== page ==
Think about what happened yesterday, when you swung around the 200 and turned right just in front of it, only to find that you were facing the wrong way on a one-way street.  And how, after realizing, too late, that you were facing the wrong way on a one-way street, you sat there in consternation for a little while longer, further delaying the bus.  And how, eventually, you ended up going the wrong way down a one-way street, an offense which, if ticketed, gives you basically enough points to lose your driver's license (which, if you lost, would force you either to take transit, heaven forbid, or sit around moping and waiting for rides, neither of which would get you to your all-important destination as fast as you for some reason feel you need to get there); how this took you so much longer than if you had waited three seconds for the bus to pull back into traffic because you had to go all the way around the block just to get where you were before, no small feat in downtown Salt Lake City.

I know that my telling people like you that if you're less reckless, you'll get to your destination faster is like Jeremiah preaching repentance to ancient Israel, but I'm not going to stop until you all repent.


Thursday, March 14, 2013


I rarely, so rarely, dream about transit.  There must be absolutely no unmet need in my head for transit that I should have to dream about it.  But I do dream about buses occasionally, and when I dream about them, it's usually about some ridiculous change that got made that I'm relieved didn't actually get made when I wake up.

Last week I dreamed that there was a big factory somewhere out west (but not too far west) that had its employees work on Sunday and wanted them to have access to transit.  Since there was no transit service there on Sundays, UTA's solution was to have the 516 run Tuesday through Sunday, with the previous Saturday service falling on Sundays.  In part of my dream, I saw, as though I were flying through the air, the 516 bus sign at Ballpark, with another sign under it that said "No 516 on Monday."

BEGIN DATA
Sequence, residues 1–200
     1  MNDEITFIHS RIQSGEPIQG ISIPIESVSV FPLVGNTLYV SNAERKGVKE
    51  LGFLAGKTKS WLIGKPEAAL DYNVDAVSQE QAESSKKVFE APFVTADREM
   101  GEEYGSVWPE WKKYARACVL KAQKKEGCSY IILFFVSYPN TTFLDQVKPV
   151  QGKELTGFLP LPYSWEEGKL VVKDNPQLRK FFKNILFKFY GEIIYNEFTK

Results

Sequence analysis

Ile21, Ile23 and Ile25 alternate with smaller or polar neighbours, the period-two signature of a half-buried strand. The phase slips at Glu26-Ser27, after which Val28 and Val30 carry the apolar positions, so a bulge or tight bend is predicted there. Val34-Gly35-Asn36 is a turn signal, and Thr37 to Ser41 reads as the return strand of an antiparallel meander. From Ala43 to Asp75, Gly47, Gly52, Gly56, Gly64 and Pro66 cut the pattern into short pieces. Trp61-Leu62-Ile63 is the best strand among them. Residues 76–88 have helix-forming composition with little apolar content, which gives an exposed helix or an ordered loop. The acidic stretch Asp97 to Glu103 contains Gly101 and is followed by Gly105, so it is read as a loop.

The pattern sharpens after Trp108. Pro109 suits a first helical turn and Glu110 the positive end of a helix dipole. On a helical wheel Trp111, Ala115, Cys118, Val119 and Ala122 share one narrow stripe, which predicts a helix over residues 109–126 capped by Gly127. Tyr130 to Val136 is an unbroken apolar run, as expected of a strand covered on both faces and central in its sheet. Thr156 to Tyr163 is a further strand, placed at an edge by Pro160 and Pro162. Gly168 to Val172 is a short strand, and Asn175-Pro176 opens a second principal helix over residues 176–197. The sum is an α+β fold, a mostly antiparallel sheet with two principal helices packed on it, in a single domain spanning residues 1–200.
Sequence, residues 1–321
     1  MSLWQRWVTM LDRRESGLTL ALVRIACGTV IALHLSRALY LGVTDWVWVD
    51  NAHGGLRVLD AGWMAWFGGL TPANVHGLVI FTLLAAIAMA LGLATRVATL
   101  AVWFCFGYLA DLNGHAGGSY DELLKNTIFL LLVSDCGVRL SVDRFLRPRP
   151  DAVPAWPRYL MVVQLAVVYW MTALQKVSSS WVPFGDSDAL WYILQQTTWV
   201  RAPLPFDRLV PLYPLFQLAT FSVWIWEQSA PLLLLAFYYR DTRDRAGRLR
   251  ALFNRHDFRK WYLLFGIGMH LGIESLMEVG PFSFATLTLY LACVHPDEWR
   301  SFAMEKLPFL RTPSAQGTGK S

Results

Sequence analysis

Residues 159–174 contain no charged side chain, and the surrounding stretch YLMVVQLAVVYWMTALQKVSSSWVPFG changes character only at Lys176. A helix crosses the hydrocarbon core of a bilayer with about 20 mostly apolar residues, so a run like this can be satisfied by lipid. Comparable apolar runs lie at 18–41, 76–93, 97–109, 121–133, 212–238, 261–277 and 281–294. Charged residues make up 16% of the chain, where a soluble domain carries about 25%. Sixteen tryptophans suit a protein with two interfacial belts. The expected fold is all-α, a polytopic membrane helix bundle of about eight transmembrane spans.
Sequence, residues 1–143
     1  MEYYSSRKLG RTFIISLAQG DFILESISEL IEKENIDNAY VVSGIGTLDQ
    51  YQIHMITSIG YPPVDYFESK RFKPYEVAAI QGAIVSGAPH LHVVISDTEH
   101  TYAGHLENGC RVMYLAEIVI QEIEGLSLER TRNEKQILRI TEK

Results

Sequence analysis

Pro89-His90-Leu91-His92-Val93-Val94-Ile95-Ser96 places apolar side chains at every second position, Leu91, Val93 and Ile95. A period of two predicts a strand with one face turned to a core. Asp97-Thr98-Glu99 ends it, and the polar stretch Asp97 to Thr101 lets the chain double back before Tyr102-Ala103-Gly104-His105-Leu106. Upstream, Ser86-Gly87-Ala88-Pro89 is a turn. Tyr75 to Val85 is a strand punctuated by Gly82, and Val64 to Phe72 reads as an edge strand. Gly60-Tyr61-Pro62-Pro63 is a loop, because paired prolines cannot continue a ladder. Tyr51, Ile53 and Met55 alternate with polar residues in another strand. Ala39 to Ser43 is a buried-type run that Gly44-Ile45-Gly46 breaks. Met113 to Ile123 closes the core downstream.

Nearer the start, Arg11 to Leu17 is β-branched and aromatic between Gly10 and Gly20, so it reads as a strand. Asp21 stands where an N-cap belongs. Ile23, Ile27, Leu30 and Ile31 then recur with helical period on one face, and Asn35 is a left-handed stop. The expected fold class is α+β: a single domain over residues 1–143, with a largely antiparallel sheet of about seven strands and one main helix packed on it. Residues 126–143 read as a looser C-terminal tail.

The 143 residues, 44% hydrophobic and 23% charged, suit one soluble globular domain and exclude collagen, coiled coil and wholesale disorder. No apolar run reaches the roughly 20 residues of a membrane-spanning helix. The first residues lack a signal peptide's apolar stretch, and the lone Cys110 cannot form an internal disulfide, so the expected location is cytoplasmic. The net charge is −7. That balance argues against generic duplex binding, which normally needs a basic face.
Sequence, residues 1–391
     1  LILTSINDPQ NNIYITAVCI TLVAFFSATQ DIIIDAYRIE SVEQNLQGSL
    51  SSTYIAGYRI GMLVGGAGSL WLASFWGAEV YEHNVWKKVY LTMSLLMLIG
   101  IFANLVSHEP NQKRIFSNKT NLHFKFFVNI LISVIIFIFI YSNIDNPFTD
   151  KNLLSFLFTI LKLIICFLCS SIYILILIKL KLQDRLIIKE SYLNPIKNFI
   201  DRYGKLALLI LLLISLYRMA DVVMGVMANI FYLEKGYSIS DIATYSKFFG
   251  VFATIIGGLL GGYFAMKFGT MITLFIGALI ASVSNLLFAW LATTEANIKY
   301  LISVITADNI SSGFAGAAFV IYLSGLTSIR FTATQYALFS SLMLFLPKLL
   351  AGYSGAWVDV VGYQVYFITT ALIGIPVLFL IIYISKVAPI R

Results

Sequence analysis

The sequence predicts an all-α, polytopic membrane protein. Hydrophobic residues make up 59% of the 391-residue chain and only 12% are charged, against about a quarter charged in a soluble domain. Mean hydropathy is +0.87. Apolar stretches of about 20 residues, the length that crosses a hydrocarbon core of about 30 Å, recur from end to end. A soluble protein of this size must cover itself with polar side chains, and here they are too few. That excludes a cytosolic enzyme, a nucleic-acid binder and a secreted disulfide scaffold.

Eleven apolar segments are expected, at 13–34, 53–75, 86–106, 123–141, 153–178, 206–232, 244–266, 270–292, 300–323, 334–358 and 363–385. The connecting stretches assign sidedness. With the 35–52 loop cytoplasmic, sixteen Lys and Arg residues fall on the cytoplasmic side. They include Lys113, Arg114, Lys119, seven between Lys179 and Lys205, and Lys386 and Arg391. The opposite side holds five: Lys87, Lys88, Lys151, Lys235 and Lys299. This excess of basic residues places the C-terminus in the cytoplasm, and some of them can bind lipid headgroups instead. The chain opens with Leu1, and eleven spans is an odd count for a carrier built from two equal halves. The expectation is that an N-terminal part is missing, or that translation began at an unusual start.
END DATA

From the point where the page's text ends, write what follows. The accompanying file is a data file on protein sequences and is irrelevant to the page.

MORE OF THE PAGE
I admit to feeling, in the dream, a significant amount of consternation about this decision, but I found myself unable to air my complaints in any sort of setting where a reversal of the change could be effected.  Then I woke up, relieved that such a silly plan had not, in fact, been put in place.

I told commutergirl about it, and naturally she spent all morning laughing about it.  And posted it on Facebook.  It's okay, I like the attention.

Tuesday, March 12, 2013


and now CNN says it too:

Commuting on transit is more enjoyable.  And if anyone had any right to complain about their commute, I think I did.

For the last seven years, I have read, texted, composed, or daydreamed at my leisure on my way to work or school.  And even when work was two-and-a-half hours' journey from school, I used the time productively.  I don't care to admit how many times when I left for school I had not finished (or started!) my homework due that day and still managed to turn it in, because I spent the whole bus trip frantically punching numbers into a TI-83 and scribbling the results on an engineering pad, instead of watching the tail lights in front of mine to make sure they were not getting too close.  It doesn't matter that it took an hour longer, sometimes.  I still got more done in the day than if I had driven.

I've been saying it for years.  And I'll keep on saying it.

Friday, March 8, 2013


So, I've been reading the news alot more since my much-vaunted move to start a Twitter account, and as part of my post-graduate-school reawakening/rejoining of the human race (I'm still in the process of rejoining; I'll get back to you when I have more to report), and I came across a story about Kranky Franks in Springville.  I was mildly interested in the story, since I remember going past Kranky Franks on the bus many times, but I've never been there.  Then I found out that eating there is for a good cause and, hey, I was sold.

There was just one thing the Deseret News article left out: Kranky Franks is located at 388 N. Main St. in Springville, which means there's an 821/822 stop right on top of it.  It would truly be an epic journey for me to visit them now, but if you want to stop by and get a danger dawg, you should.  And you should take transit.  Now you know.

Thursday, March 7, 2013


A Lego (r) Store is opening in Utah!  I'm so excited!

So I'm a geek about a lot of things.  So what?

Also, since it will be at Fashion Place, you'll be able to get there on the 201 or the 209.  Just sayin'.